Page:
|Le Pont d'Avignon and the Rhone
Just a few years ago, if you'd wanted to stay in the centre of a medieval walled city such as Avignon, you'd have had to pay through the nose, either for a very poncey luxury hotel or a really quite basic business one. You'd only have a hotel room, so you'd have had to buy all your meals, and when you'd tired of walking around all day there would have been nowhere to sit and relax in your room.
But now, you can stay in a large, beautiful apartment, right in the centre of such as a city, with all mod cons and a comfortable bed, for less than a hundred pounds a night (with free parking nearby). You can pop out to the neighbourhood boulangerie in the morning to buy your baguettes, and keep a bottle of wine chilling in the fridge for when you fancy a 6pm aperitif. (What is more, your kids could be playing cards in a completely different room while you have this. ) If you are lucky, your apartment's owner will recommend you a nice local restaurant to boot. It's a win-win situation and the hotels must be seething.
Anyway that's enough about Airbnb (this is not a sponsored post) and here's something about Avignon. We drove there from the Alps, but it's a destination that you could easily get to from the UK, as there's a direct Eurostar train nowadays in the summer. The city is famous for two things: the Palais des Papes or Popes' Palace, where nine popes resided in the Middle Ages, and the Pont d'Avignon, a bridge made famous by the children's song.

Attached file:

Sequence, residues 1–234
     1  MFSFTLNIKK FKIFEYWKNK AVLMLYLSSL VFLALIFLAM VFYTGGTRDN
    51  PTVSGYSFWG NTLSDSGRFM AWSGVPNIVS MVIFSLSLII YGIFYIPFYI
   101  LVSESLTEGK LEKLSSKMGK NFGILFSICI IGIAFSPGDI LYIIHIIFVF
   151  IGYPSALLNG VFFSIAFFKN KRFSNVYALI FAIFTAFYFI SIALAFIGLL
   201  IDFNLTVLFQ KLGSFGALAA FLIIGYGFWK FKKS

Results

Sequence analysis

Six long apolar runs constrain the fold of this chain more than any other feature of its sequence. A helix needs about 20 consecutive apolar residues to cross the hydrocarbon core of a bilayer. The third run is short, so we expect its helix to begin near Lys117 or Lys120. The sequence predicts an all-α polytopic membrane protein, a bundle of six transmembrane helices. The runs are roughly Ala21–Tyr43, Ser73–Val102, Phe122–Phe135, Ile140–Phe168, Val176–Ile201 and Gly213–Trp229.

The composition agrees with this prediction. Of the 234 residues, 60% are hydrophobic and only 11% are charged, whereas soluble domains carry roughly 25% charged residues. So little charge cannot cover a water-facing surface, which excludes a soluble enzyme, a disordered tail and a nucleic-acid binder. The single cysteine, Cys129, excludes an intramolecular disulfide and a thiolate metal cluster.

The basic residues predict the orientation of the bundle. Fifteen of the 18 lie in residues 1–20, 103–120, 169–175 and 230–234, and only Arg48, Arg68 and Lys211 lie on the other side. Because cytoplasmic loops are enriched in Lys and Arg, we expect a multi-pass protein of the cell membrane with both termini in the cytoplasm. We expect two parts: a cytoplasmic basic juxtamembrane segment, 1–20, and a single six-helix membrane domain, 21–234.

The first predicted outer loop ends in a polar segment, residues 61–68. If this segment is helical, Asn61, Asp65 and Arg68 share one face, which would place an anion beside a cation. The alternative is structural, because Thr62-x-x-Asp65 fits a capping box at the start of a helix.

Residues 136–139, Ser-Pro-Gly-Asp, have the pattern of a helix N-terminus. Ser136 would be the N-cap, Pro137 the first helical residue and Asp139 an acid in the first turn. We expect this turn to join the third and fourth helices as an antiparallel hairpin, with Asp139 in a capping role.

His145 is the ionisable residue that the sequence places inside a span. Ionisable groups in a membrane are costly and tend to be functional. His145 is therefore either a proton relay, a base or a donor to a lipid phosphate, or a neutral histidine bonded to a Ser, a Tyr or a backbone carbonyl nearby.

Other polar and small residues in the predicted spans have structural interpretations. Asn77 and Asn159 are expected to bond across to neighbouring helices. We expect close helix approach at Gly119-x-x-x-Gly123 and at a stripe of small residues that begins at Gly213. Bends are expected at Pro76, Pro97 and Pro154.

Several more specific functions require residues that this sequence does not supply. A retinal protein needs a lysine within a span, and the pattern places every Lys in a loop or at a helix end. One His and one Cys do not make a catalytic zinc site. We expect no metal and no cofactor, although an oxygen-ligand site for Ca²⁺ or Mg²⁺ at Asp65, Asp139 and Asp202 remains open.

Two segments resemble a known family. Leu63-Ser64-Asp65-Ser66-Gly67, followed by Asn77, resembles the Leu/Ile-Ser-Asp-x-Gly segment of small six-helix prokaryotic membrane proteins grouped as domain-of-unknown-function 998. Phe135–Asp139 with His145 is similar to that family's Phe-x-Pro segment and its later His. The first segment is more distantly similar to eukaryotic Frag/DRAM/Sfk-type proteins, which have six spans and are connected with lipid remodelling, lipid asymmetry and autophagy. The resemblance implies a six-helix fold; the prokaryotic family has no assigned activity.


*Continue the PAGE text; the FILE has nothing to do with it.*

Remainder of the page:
Both are worth a visit: the medieval Bridge, although only a tiny segment remains, affords a very romantic view of the Rhone even though your visit may only take 10 minutes. But you can buy a combined ticket to see both this and the Popes' Palace, which is both an impressively huge building and a history lesson (I spent most of our visit trying to explain the Pope's role to the boys, and realising I really am hugely ignorant on the matter).
Above the Palace and Bridge is the very pretty Rocher des Doms park, where you can look out over the river, the surrounding rolling countryside with vineyards (Chateauneuf du Pape is nearby) and Provencal roofs of the beautiful old city. After that, you can have a drink and watch the world go by in the courtyard square below the Popes' Palace. Or you could visit the tiny Musee Angladon, which houses a collection of Impressionist paintings by the likes of Picasso, Degas, Manet and Sisley.
But what I enjoyed most about Avignon was walking around the old town, exploring its winding cobbled streets lined with cafes, restaurants and shops. I'm not a huge shopper but the shopping there was fabulous -- not just souvenirs like lavender, Provencal pottery and tablecloths but interesting fashion, unusual toiletries, trendy kitchen stores and more. Avignon is small, and immensely walkable -- but every time you venture out you'll find a new little corner to explore.
We ate two extremely good meals: one at Kote Kour, a trendy little tucked-away bistro near our apartment. Although we felt as if we (apart from the Littleboys) were the oldest people there, it had delicious and unusual food, and an off-menu chicken and chips for the boys.
At a slightly more pretentious restaurant, we struggled slightly when they didn't have their advertised kids' menu, but eventually the boys shared a steak and pronounced it delicious. And my asparagus, egg and hollandaise starter was one of the culinary highights of the whole trip.
So I would definitely recommend Avignon en famille, if you have a couple of days to spare or fancy a weekend trip. Just forget the hotels and check out Airbnb first.